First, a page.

So, always remember three things when configuring your Recovery Point Objective metrics:

  1. Applications typically can’t benefit from true zero-byte RPO
  2. Systems do exist to reach that metric, but they require massive amounts of expensive infrastructure
  3. When pressed, most business units and end-users will admit that they can be flexible on RPO metrics when faced with these two facts.

Plan for the most effective RPO for you, but be ready to realize that zero-byte RPO may be both fiscally and technically out of reach in the majority of circumstances. Get as close to it as you can without breaking either your network, or the bank.

Vision Solutions offers high availability and disaster recovery solutions to ensure you can keep critical apps online and restore any lost data in the event of a disaster. Download their free 2017 State of Resilience report to review the latest trends in disaster recovery planning.

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Syncsort + Trillium Software Blog

Introduction to a new Dynamics 365 Setting – Allow text wrapping in form fields labels and values

Microsoft’s Dynamics 365 July Update includes a new simple, yet very useful new setting called “Allow text wrapping in form fields labels and values”. This setting is available in “System Settings” under “General” tab.

image thumb Introduction to a new Dynamics 365 Setting   Allow text wrapping in form fields labels and values

In this blog, I will be going through what this setting does, and how it changes the way a label and value of a field is presentation on a form.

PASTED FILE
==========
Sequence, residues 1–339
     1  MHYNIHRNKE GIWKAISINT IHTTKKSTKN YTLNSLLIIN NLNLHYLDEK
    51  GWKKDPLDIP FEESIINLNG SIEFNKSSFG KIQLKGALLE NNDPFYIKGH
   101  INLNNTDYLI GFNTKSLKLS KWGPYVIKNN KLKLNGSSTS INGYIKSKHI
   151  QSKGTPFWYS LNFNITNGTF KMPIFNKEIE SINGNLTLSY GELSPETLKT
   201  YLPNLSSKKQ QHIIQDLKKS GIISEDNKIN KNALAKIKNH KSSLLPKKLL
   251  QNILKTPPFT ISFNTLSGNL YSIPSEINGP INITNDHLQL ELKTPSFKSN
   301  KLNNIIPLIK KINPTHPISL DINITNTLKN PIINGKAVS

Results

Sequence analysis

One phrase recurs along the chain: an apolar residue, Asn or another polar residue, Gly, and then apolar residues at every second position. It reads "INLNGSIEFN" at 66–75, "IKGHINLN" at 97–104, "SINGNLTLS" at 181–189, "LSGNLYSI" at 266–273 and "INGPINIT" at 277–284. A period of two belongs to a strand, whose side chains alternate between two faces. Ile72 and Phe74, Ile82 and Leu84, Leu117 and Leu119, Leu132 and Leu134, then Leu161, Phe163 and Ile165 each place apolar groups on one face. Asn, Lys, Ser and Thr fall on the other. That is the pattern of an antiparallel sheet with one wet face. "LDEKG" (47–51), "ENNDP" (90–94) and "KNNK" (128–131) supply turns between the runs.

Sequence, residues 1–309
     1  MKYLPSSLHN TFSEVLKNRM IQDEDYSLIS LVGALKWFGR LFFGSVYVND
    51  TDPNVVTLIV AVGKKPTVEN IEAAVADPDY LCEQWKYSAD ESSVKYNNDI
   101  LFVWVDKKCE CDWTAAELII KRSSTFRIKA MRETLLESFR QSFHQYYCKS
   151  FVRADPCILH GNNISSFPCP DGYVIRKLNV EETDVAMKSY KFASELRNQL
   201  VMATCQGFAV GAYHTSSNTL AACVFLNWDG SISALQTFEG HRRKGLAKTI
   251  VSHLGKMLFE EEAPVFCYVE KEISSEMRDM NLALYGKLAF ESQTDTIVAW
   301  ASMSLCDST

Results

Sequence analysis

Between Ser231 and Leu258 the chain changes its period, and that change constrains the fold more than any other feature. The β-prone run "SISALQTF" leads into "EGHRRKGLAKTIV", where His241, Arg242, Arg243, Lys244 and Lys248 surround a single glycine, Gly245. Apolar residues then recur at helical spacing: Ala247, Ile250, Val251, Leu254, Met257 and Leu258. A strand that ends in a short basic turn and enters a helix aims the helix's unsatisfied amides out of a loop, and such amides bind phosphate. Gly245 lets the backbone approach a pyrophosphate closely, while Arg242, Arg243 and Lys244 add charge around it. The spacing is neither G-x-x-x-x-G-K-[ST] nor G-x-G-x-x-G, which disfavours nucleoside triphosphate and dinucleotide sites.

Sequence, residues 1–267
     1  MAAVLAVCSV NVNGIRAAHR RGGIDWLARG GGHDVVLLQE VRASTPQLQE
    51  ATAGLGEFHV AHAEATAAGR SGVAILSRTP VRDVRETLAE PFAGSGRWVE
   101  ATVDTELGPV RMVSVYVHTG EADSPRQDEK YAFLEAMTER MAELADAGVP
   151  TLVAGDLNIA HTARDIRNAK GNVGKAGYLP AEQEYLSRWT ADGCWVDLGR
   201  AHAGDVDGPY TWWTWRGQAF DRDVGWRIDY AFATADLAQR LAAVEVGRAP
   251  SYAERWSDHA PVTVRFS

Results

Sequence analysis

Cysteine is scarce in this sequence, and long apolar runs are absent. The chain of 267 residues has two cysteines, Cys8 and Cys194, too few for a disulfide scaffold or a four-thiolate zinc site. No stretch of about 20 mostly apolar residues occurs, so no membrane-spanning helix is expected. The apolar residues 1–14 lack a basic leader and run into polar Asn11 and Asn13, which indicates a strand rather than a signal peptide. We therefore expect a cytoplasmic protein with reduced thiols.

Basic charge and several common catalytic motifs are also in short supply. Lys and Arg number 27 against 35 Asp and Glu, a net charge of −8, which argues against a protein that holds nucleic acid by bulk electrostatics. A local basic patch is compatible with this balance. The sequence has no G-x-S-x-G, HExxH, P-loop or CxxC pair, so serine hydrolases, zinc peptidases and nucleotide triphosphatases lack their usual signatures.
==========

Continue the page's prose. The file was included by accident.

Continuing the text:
I created a custom attribute called “Magnetism Auckland Office Printer ID”. I added it to a form section which has “Field Label Width” set to 115. I saved and published all the changes.

image thumb 1 Introduction to a new Dynamics 365 Setting   Allow text wrapping in form fields labels and values

To see what my field label and its value looked like without using “Allow text wrapping in form fields labels and values”, I went to system settings and set its value to “No”. I created a new Contact record, and following is what “Magnetism Auckland Office Printer ID” field’s label and value looked like on the form.

image thumb 9 Introduction to a new Dynamics 365 Setting   Allow text wrapping in form fields labels and values

To see what difference the new setting “Allow text wrapping in form fields labels and values” would make, I went back to system setting and changed its value to “Yes”. Then I reopened the same contact record, and following is what “Magnetism Auckland Office Printer ID” field’s label and value looked like on the form.

image thumb 3 Introduction to a new Dynamics 365 Setting   Allow text wrapping in form fields labels and values